'Beyond Disappointment': How Putin Will View First 100 Days of Ukraine War

Russian President Vladimir Putin is likely to view the first 100 days of his invasion against neighboring Ukraine with enormous disappointment, experts say, after he failed to achieve the goals he set out at the inception of the war on February 24.

The first 100 days of the Russian leader's war against Ukraine have largely been defined by underachievement by Moscow, and Kyiv exceeding all expectations. Russia very quickly failed to overthrow the government in the Ukrainian capital, has suffered colossal military losses, and has now become more isolated than since the Cold War.

The war is currently focused on Ukraine's eastern Donbas region, as Putin is looking for military victory by attempting to seize the two big eastern regions, Luhansk and Donetsk—swathes of which have been under the control of Kremlin-backed separatists since 2014.

Neil Melvin, Director of International Security Studies at the Royal United Services Institute (RUSI), told Newsweek that he believes for Putin, his so-called "special military operation" as it has played out so far "goes beyond disappointment."

"I think you'd be enormously disappointed in terms of what the goals that were set out at the beginning, and the expectations of how soon that could be achieved," said Melvin. "One hundred days later, the fighting is bitter, and Russia is making very slow and incremental progress at enormous cost. This isn't really short of a disaster in many ways for Putin."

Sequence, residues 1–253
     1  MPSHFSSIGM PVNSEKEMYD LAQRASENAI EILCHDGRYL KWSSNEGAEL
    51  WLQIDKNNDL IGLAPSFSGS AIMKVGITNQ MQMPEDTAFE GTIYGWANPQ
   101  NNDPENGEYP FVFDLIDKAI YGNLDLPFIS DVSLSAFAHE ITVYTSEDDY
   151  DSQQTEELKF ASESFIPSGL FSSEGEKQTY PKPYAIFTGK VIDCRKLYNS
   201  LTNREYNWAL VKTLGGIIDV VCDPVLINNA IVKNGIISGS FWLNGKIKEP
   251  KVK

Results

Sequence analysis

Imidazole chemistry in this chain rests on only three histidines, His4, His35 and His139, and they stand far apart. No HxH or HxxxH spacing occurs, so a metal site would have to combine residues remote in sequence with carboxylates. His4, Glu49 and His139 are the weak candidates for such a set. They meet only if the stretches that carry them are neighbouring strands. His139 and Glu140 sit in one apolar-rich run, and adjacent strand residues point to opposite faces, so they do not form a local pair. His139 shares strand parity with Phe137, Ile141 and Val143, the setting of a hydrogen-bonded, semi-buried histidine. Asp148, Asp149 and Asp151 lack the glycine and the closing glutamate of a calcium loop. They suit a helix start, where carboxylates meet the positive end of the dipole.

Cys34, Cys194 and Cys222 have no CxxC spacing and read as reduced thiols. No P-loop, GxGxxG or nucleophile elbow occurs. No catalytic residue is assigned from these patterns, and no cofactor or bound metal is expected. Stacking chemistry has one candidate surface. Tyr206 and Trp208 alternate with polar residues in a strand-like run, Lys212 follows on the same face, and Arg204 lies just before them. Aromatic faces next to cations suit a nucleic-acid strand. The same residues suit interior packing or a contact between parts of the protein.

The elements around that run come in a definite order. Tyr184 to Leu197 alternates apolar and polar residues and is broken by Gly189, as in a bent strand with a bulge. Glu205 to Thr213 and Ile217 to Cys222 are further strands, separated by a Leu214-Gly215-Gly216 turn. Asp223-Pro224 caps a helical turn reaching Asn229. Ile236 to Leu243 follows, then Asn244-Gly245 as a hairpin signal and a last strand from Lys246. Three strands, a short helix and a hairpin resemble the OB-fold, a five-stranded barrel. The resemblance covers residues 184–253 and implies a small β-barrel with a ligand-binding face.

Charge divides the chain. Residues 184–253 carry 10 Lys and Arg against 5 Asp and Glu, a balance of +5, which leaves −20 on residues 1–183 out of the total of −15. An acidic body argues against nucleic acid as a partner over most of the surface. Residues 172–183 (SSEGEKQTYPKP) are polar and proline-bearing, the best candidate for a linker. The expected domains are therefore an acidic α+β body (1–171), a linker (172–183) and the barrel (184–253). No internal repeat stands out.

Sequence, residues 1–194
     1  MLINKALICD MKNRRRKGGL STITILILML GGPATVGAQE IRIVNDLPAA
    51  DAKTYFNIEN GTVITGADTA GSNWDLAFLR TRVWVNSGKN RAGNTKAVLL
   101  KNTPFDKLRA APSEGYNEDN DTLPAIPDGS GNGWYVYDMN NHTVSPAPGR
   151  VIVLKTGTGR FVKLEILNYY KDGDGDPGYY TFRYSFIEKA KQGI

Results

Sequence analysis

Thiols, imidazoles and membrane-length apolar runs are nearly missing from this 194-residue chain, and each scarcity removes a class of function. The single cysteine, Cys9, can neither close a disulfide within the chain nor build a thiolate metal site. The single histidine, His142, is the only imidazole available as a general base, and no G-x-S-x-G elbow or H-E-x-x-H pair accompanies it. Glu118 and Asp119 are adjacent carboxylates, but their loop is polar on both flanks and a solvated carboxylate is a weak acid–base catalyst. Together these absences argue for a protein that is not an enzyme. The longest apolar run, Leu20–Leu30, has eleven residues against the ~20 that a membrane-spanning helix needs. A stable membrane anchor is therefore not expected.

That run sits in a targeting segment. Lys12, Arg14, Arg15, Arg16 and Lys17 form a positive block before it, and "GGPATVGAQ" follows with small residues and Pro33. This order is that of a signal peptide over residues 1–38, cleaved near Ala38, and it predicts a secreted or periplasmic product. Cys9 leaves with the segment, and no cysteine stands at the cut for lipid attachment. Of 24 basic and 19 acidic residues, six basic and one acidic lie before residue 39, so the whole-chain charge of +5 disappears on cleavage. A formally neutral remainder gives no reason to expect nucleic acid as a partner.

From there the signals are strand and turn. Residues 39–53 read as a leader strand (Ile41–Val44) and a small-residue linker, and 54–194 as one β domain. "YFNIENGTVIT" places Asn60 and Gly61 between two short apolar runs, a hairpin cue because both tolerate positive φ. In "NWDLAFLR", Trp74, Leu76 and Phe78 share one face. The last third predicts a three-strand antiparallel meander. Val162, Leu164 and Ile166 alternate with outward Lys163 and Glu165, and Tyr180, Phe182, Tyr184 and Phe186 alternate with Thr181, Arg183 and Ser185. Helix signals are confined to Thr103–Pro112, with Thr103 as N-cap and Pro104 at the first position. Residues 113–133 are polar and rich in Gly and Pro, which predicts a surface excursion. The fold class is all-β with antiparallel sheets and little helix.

'Utter Strategic Disaster'

Melvin's analysis was echoed by Max Bergmann, the director of the Europe Program at the Center for Strategic and International Studies (CSIS), who described the first 100 days of the war against Ukraine as "an utter strategic disaster for the Kremlin."

"Russia is experiencing significant economic blowback and global isolation. It has also unified and strengthened the transatlantic alliance," Bergmann told Newsweek. "This is not how Putin thought events would play out."

Bergmann said that in retrospect, it is clear that Putin wanted the war.

"He wanted to take Ukraine and decapitate the Zelensky government. But the war not only would serve his nationalist objectives of bringing Ukraine back into the Russian fold. Swiftly taking Ukraine would also allow Putin to come back to NATO and the U.S. geopolitically strengthened," Bergmann explained.

"Instead, Russia will come out of this war significantly weakened, with Putin scrambling to maintain his grip on power," he added.

Russian President Vladimir Putin
Russian President Vladimir Putin attends a conference as part of a summit called to attempt to find a lasting political solution to the civil war in Syria which has claimed in excess of 350 000 lives, at Vahdettin Mansion in Istanbul, on October 27, 2018. Friday, June 3, marks 100 days of Putin's war against Ukraine. OZAN KOSE/AFP/Getty Images

Steven Horrell, a nonresident senior fellow with the Transatlantic Defense and Security Program at the Center for European Policy Analysis (CEPA), told Newsweek that the Russian president failed in achieving his original goals, one being erasing Ukraine's national identity.

"He didn't seek just a pliant state, but saw the existence of an independent Ukrainian nation leaning to the West and aligning with the European Union as a threat to Russia's national interest," said Horrell.

He suggested that Putin and the Kremlin may not yet feel they have failed on strategic objectives. Russia did however underestimate Ukraine and the West, Horrell said.